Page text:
10. I'm in the States, where Jemima's show got very little attention, and designer dogs are huge here. Were already very big long before her show even was filmed. It's difficult for me to connect her show to designer dogs in any way.

    11. Anon 22:02
      I think it’s you who is clutching at straws now isn’t it?
      ‘Is it right PDE opened the floodgates to this, especially when they're being incorrectly advertised as 'healthier'.’

      Do you have evidence that there is a clear correlation to PDE and the amount of so called ‘designer dogs’ being bred and sold?

      No person who truly understands about the disastrous consequences of continuing to inbreed using a paradigm of closed gene pools would opt to buy a pedigree dog from a show breeder.

      Alexander Horowitz positively endorses and advises people to buy Mutts, in ‘Inside of a Dog’ – she is a scientist working in dog cognition and the book is well worth a read. She cites scientific references and has written an incredibly empathetic book.

      ‘Pukka’s Promise’ is a very important book in my opinion. I am looking forward to Jemima’s review. There are some aspects of it I don’t like (some of his training methods and also his anthropomorphising at times) but overall, if you think you really care about dogs and are breeding dogs for the right reasons then give this a read..

    12. @10.03
      It doesn't take a genius to work out that these designer dogs are increasingly common on the streets, being sold on puppy websites and living it up in rescue homes without the need for evidence. Given these aren't pedigrees and therefore, less likely or unlikely to be registered for the purposes of collecting such information as evidence, a bit of common sense therefore needs to be applied.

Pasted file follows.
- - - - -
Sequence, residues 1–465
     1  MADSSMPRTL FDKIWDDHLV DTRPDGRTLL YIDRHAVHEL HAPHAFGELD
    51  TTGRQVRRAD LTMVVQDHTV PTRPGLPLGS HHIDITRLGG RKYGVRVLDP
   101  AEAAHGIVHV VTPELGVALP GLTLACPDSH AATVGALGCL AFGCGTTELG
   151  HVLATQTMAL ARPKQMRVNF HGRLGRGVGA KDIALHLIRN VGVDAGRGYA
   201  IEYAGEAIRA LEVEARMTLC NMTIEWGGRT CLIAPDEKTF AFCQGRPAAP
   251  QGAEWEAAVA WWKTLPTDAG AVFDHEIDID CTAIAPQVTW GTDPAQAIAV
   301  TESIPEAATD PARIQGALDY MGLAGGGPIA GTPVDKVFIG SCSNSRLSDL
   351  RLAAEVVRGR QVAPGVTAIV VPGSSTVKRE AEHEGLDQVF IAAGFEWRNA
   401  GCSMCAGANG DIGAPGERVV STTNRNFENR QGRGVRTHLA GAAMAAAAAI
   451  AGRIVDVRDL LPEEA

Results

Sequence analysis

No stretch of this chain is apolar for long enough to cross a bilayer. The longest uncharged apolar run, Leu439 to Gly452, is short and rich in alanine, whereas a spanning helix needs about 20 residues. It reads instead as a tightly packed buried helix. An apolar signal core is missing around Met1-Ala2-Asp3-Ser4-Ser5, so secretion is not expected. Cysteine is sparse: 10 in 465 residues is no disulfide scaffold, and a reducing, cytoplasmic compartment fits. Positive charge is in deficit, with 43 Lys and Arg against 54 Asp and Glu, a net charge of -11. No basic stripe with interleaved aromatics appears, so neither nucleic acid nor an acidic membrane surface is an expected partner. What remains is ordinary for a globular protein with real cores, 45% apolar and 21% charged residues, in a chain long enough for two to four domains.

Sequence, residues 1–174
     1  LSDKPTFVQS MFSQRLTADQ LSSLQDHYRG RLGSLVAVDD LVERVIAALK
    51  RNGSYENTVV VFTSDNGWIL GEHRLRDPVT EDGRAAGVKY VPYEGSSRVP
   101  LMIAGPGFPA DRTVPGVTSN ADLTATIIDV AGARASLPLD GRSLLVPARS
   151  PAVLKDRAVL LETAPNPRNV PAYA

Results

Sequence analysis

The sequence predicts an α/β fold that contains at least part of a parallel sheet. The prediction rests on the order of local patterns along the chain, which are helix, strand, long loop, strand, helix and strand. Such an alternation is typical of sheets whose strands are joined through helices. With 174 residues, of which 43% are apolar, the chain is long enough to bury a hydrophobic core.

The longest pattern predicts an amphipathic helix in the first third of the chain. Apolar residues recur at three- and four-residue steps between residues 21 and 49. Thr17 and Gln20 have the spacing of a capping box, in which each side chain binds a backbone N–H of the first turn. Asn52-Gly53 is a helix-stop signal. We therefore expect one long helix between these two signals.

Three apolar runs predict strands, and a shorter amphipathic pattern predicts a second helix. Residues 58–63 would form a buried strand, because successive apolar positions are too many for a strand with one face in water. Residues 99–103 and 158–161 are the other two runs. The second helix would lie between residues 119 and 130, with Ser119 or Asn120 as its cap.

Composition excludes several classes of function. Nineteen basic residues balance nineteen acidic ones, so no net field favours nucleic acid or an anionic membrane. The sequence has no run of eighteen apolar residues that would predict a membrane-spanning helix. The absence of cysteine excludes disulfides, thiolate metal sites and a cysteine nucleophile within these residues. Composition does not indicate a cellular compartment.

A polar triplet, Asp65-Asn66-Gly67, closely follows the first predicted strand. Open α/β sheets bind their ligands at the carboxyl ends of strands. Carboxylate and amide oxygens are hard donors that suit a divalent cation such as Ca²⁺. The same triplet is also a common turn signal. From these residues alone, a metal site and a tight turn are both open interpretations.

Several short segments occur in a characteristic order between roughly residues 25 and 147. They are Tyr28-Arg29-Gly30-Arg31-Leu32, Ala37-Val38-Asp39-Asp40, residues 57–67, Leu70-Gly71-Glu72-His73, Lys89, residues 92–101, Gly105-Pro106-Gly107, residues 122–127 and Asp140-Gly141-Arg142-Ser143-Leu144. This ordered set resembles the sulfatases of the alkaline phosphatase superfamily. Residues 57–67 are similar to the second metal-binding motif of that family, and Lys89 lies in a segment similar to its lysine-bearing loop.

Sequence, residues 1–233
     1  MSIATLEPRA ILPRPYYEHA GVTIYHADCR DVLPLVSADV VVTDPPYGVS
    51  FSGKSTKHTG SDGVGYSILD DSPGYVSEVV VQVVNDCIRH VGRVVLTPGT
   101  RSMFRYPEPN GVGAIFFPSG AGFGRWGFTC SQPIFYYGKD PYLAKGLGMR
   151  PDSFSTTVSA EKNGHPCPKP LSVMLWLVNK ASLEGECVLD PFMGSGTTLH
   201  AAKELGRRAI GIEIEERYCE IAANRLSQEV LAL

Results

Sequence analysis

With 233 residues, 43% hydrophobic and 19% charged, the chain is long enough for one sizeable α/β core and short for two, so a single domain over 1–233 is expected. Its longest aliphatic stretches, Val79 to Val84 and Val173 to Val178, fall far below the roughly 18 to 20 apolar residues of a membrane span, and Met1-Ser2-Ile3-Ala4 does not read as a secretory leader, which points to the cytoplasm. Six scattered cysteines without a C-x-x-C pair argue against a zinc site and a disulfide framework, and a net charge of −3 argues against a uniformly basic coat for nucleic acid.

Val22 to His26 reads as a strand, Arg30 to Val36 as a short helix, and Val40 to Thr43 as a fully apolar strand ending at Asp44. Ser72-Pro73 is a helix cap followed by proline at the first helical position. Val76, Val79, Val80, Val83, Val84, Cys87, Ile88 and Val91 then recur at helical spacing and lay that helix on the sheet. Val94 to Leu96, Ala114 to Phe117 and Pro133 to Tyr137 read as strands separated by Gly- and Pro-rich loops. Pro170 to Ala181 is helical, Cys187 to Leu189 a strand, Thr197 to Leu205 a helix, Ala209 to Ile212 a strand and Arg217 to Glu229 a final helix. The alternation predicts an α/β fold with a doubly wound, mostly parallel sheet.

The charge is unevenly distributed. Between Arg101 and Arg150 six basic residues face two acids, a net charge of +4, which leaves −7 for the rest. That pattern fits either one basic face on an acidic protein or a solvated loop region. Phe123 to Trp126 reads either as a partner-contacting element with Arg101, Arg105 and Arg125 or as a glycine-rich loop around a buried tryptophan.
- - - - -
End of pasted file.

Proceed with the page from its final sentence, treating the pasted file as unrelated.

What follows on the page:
13. Anon 13:49

      No, it doesn't take a genius to work that out. But how does that affect what pedigree dog breeders are continuing to practice in the light of current scientific understanding?

      Your post doesn't really make a lot of sense. What/where should common sense be applied exactly?

      As for'Living it up in rescue homes' - I don't think I've ever heard such nonsense. What a truly ignorant and callous statement. Do you actually care about canine welfare?

      Are you sure you are not simply jealous of the competition!?! You hardly sound like a professional....

  7. I guess I can't point fingers. I recently did some work on my family tree and discovered just this kind of thing, cousins marrying cousins, and then their children and grandchildren marrying cousins. Thank goodness that stopped a couple hundred years ago.

    1. How many fingers with all that inbreeding?! Sorry, frivolous comment on serious topic.

  8. JH
    You state COI of 20 percent. Is this from a 5 generation pedigree, or was mare select given data back 15 generations or so, as required to accurately calculate a COI? If 5 generations, the actual figure is likely to be much higher.
    Hope that someday well have more diversity evidence taken directly from homozygosity of DNA.

  9. Lacking genetic diversity, Isle Royale wolves failed to reproduce last year and their future is in doubt.

    Presumably, the founding population was healthy, but there were only a few (they crossed a temporary ice bridge that only forms in very severe winters) and they have been plagued by inbreeding ever since.